At the end of 2019, Belgium submitted to the European Commission the final version of the National Energy and Climate Plan for 2021-2030. Besides energy and climate, mobility, science policy, finance, defense, and agriculture, both at the federal and regional levels, are involved. Strengthened by the Green Transition ambitions set by NGEU, environmental aspirations do live in Belgium. Together they focus on the transition to a low-carbon society and offer funding today to achieve that ambition.
6.- What is the effect of the newly approved Regional Aid?
The European Commission has approved Belgium’s map for granting regional aid from 1 January 2022 to 31 December 2027 within the framework of the revised Regional aid Guidelines (RAG). FI Group keeps you informed of the latest changes and updates.
The revised RAG enables Belgium to support the least favoured regions in catching up and to reduce disparities in terms of economic well-being, income, and unemployment. They also provide increased possibilities to support regions facing transition or structural challenges.
7.- Which are the sectors of the future?
Belgium’s Recovery and Resilience Plan stands on many pillars, strong and considering the regional necessities. As it is, it touches different important sectors within society. FI Group takes the following under the loop and shares the latest know-how:
Agriculture: Growing grants towards an organic society
The Common Agricultural Policy (CAP) is a common policy for all EU countries. It is managed and funded at European level from the resources of the EU’s budget. It is meant to support farmers and improve agricultural productivity, ensuring a stable supply of affordable food in the European Union.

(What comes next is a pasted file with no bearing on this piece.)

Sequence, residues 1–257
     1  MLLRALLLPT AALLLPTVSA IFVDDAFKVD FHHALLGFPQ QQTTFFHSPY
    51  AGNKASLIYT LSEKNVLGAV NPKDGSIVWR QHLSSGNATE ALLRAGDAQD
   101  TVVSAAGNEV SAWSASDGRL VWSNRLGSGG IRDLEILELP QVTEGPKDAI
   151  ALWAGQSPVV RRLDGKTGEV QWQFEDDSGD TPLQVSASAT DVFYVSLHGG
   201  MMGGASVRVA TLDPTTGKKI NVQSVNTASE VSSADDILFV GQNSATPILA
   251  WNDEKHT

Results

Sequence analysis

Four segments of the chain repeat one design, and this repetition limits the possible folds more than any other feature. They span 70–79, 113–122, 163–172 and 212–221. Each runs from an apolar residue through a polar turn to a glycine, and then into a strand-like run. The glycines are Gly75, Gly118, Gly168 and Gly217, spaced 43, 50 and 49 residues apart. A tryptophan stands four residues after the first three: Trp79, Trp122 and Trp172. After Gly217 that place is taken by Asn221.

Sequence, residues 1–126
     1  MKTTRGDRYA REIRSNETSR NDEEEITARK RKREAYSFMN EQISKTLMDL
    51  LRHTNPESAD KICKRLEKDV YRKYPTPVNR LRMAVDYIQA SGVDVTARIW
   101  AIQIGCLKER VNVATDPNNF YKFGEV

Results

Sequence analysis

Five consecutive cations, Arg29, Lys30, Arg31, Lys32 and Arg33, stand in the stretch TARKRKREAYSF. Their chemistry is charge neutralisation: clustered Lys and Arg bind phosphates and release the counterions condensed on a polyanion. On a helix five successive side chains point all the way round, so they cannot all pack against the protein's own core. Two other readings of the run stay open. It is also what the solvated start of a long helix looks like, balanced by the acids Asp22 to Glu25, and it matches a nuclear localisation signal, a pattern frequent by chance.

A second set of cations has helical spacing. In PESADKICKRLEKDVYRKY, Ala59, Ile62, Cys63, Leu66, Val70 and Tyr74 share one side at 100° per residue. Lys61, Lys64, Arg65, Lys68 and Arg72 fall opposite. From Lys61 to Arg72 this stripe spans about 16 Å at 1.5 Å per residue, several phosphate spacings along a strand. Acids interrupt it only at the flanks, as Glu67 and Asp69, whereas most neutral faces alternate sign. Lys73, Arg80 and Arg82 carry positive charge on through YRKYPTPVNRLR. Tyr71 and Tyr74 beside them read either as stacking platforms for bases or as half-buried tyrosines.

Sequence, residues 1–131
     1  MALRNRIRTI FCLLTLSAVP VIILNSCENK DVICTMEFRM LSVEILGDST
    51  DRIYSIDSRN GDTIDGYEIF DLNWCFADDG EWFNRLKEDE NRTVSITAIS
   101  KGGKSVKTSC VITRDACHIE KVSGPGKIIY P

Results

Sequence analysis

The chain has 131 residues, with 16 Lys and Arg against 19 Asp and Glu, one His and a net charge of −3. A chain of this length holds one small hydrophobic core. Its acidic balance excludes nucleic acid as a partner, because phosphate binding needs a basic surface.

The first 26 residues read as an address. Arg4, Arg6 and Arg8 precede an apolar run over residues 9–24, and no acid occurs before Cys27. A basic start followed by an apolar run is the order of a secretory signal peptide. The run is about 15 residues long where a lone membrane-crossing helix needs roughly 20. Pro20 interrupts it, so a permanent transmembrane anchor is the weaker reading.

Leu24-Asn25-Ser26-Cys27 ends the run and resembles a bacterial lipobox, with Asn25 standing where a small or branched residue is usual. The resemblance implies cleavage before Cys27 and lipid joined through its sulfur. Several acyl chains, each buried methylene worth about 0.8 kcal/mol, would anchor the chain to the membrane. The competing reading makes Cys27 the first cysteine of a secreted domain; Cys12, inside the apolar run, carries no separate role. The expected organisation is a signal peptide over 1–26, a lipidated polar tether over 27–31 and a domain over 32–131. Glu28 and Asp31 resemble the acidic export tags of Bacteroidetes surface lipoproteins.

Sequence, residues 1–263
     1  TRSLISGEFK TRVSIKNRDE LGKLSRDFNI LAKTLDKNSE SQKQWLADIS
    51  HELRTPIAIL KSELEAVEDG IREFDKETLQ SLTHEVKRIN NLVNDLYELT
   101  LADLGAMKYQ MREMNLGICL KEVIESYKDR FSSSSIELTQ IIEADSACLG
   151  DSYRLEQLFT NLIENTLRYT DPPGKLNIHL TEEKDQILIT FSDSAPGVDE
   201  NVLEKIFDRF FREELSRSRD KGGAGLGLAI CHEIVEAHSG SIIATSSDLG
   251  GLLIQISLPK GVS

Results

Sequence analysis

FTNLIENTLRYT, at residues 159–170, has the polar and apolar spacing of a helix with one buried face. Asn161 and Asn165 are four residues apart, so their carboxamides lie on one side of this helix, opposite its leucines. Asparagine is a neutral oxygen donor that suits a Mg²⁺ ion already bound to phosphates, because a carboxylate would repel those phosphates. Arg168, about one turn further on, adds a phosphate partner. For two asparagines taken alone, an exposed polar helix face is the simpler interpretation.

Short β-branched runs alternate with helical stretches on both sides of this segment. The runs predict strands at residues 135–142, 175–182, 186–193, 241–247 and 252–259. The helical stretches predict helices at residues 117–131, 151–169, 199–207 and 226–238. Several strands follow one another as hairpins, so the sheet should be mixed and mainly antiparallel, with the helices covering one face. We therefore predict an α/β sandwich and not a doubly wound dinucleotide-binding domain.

Although Belgium is yet to propose its CAP plans (one for Wallonia and one for Flanders), it is developing different measures in 2022 to safeguard rural community development and sustainable agricultural growth toward a more organic positive society. Want to know more about the how?
The transition towards a circular economy
The transition to a circular economy is essential in order to deal with climate and environmental risks. For Belgium, it is also a tool for freeing itself from being dependent on third parties, making it more resistant to international price fluctuations and foreign supply.
Learn more about the importance of circular economy here. The aim is to boost the economy through green technology, create sustainable industry and transport, and cut pollution.
The fate of the automotive sector
In 2022, the way we live, and travel is changing. Our mobility system, particularly the automotive sector, must adapt to global realities such as digitalisation and overcome multiple challenges such as climate change and transport safety for its citizens.
Keeping in mind the reforms born out of NGEU, have a look at the future of this fast-pase sector here and learn more about its development.
FI Group has 20 years of experience and wants to accompany you on the new NextGenerationEU path. Our experts are at your disposal to analyse how your project fits into NGEU and to take the next steps together with you.